Mayor Reed’s legacy to be tested by challenge to city funding of stadium

By David Pendered

Atlanta Mayor Kasim Reed may be bucking the adage that history judges leaders for their performance in battles not of their choosing.

Many structures in Vine City have fire damage. The city's Falcons stadium deal could do more to help Vine City, English Avenue, and Castleberry Hill, say opponents of the deal. Credit: Donita Pendered

Many structures in English Avenue and Vine City have fire damage. The city’s Falcons stadium deal could do more to help Vine City, English Avenue, and Castleberry Hill, say opponents of the deal. Credit: Donita Pendered

One battle Reed did choose, and on which he will be judged, is to help the Falcons build a new stadium. The mayor has not been able to end the battle, though it was to have been over when the Atlanta City Council approved in December a community benefits deal that released $200 million in construction financing.

More than two months after that council vote, the stadium financing is still not a done deal: The city’s funding could be tied up in court for a year; a $200 million loan from the NFL is contingent on the city’s funding; and the state’s request to Atlanta to abandon land for the stadium is lingering in the Atlanta City Council.

Swirling under all of this is discussion of the strength of Reed’s influence. The mayor was reelected in November with 84 percent of the vote – but with a low turnout, just 19.1 percent, the lowest since at least 2001.

“It’s weak support,” UGA political scientist Charles Bullock observed last month. “A share of 19 percent is not a large part of the electorate.”

A segment of Martin Luther King Drive has been demolished. This area is east of Northside Drive. Credit: David Pendered

A segment of Martin Luther King Drive has been demolished. This area is east of Northside Drive. Credit: David Pendered

Among the stadium’s vexing issues that continue in the city’s domain:

  • Atlanta-based opponents are working to mount a legal challenge that seeks to prevent the city from borrowing $278.3 million to provide for the stadium’s construction financing;
  • The city’s funding is essential for the Falcons to draw a $200 million construction loan from the National Football League’s G4 program, which requires a public funding source;
  • Reed’s own vow to revive the Martin Luther King Jr. Drive corridor seems to be jeopardized by the demolition that started last week of part of the MLK viaduct;
  • The Atlanta City Council may be digging in its heels on the state’s request to abandon six parcels of land for the stadium (A public hearing on the abandonment is slated for Tuesday, though a related work session on the MLK corridor has yet to be scheduled).

The legal challenge to the city’s funding of the stadium project has all sorts ramifications that are just emerging in speculation. This court process could take a long time. The initial hearing is set for Feb. 17.

A Fulton County Superior Court hearing is the next step in Atlanta's effort to provide construction funding for the Falcons stadium. Credit: newstadium.atlantafalcons.com

A Fulton County Superior Court hearing is the next step in Atlanta’s effort to provide construction funding for the Falcons stadium. Credit: newstadium.atlantafalcons.com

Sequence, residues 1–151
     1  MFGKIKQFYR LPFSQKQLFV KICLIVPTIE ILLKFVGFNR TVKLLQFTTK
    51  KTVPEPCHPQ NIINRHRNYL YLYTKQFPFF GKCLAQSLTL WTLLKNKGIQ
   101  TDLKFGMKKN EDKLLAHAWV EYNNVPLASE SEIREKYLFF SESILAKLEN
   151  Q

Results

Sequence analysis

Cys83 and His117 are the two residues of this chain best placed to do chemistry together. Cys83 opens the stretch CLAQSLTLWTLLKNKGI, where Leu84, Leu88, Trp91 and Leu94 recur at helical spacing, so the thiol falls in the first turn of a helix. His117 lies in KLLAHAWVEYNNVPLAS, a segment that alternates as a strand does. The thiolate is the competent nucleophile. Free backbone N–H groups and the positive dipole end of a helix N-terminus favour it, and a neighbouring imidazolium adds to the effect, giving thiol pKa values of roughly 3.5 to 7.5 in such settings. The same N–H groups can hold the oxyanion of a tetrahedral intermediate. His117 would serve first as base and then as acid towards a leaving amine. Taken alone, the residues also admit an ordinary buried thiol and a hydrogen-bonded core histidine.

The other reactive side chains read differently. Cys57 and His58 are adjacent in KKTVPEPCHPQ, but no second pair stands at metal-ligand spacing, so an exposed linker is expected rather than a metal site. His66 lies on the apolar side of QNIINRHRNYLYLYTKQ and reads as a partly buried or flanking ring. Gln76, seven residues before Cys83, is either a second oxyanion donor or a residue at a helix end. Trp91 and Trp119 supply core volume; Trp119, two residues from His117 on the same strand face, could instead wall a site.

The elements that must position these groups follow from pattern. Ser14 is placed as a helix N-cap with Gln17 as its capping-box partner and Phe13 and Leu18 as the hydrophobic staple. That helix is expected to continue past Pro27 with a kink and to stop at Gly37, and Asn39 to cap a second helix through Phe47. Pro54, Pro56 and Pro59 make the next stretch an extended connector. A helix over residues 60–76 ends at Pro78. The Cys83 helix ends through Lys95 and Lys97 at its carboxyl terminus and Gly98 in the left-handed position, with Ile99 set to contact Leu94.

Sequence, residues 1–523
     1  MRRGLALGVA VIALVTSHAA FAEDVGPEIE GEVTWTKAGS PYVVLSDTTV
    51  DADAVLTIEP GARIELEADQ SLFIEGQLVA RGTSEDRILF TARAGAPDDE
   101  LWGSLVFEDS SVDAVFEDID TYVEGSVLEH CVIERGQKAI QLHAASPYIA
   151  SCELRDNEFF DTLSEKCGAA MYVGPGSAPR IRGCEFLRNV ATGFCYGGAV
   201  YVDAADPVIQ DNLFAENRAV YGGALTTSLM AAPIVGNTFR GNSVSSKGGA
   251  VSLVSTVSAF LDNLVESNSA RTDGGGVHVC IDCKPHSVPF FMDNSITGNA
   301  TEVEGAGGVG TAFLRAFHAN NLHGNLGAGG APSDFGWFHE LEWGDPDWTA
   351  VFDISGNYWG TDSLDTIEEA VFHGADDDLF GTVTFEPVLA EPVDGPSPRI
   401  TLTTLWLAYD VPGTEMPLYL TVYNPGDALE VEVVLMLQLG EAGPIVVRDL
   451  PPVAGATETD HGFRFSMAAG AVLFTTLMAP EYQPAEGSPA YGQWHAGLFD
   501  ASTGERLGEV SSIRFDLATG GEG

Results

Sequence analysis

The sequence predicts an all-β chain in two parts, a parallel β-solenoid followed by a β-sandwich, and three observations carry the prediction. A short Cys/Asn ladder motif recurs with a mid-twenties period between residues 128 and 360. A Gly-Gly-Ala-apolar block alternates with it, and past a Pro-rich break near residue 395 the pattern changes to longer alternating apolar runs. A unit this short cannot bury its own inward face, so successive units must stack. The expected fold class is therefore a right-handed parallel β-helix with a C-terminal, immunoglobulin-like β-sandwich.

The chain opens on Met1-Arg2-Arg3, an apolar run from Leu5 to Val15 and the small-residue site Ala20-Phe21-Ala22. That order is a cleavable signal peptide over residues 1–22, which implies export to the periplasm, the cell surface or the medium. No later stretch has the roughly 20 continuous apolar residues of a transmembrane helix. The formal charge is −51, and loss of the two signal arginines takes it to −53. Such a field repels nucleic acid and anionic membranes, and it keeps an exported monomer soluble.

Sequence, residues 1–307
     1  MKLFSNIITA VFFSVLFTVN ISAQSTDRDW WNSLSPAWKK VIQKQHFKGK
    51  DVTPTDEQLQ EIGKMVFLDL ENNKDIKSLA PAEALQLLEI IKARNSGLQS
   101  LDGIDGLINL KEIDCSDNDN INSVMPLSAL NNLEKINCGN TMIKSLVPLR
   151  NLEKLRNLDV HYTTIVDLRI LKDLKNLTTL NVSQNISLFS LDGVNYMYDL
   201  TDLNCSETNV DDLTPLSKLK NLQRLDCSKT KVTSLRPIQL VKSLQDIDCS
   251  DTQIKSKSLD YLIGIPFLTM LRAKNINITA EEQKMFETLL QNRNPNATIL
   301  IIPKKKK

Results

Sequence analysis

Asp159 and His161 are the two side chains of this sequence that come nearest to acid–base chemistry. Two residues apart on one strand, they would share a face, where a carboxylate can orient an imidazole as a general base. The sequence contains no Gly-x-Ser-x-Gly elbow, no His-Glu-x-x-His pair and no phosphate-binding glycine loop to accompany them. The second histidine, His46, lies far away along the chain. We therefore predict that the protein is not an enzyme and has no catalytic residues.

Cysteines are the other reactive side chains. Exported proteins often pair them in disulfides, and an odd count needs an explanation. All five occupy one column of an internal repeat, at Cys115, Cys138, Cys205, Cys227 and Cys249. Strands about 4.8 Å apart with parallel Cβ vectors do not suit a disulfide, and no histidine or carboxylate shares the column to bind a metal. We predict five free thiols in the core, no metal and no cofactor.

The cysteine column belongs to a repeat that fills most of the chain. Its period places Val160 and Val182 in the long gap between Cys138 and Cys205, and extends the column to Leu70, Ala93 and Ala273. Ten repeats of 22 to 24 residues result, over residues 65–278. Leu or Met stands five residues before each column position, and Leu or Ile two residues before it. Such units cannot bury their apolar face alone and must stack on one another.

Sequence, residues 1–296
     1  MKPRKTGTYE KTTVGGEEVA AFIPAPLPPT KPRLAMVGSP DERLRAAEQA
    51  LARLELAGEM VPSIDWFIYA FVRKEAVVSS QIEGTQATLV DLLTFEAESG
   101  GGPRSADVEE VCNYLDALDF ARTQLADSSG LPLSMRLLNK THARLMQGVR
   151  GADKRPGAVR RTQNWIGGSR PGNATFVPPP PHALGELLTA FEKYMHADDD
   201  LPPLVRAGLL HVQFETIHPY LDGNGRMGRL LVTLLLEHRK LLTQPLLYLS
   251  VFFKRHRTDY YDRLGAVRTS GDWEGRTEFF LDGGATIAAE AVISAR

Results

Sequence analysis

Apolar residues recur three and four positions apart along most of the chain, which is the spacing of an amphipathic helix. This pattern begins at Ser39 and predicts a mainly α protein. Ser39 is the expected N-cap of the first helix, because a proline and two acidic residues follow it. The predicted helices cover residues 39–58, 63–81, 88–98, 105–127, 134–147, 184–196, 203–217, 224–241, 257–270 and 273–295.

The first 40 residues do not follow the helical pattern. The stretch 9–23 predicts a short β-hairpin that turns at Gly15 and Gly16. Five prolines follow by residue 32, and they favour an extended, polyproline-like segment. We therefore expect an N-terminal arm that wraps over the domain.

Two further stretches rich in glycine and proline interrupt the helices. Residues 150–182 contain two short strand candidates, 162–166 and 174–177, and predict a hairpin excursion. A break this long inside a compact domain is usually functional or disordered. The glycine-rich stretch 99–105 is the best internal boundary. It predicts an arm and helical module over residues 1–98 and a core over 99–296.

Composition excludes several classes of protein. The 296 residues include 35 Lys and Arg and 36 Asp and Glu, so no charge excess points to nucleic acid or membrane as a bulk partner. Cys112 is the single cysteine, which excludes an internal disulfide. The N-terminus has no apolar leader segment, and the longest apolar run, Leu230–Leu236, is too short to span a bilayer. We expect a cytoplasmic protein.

No matter how quickly Fulton County Superior Court Judge Ural Glanville rules, an appeal could take a year, maybe longer, to clear the way for the bonds to be sold.

Or, if the bond validation is denied, a ruling could send the whole matter back to the negotiating table with opponents who think the stadium deal could do more to help Vine City, English Avenue, and Castleberry Hill.

In the interim, questions have to be answered about when to close the deal on the two churches that will be razed to make way for the stadium.

The value reached for the church properties is a function of the need for that land to build the stadium on the south site, which Reed preferred to the north site. Friendship Baptist Church is to be paid $19.5 million and Mount Vernon is to be paid $14.5 million. Whether it makes sense to spend close the deals even as the city’s planned funding is litigated may be a significant decision.

There’s also a condemnation hearing set in March. The value to be determined for that parcel, on Mangum Street, would be influenced by the need of that land for the stadium project.

 

David Pendered, Managing Editor, is an Atlanta journalist with more than 30 years experience reporting on the region’s urban affairs, from Atlanta City Hall to the state Capitol. Since 2008, he has written for print and digital publications, and advised on media and governmental affairs. Previously, he spent more than 26 years with The Atlanta Journal-Constitution and won awards for his coverage of schools and urban development. David graduated from North Carolina State University and was a Western Knight Center Fellow. David was born in Pennsylvania, grew up in North Carolina and is married to a fifth-generation Atlantan.

4 replies
  1. Mother Moore says:

    This is a great overview of the NSP situation and the list should be expanded to engage: Does the Utilities Committee have a final alignment plan for streets around the stadium?
    Has the entire City Council, particularly the Utilities Committee, received the final NSP site plan?
    Mother Mamie Moore, English Avenue residentReport

    Reply
  2. soandso says:

    I actually refer to Reed as the Stadium Mayor in typical conversation. To many outside observers and city of Atlanta taxpayers like myself, the whole episode reeks of corporate welfare.Report

    Reply

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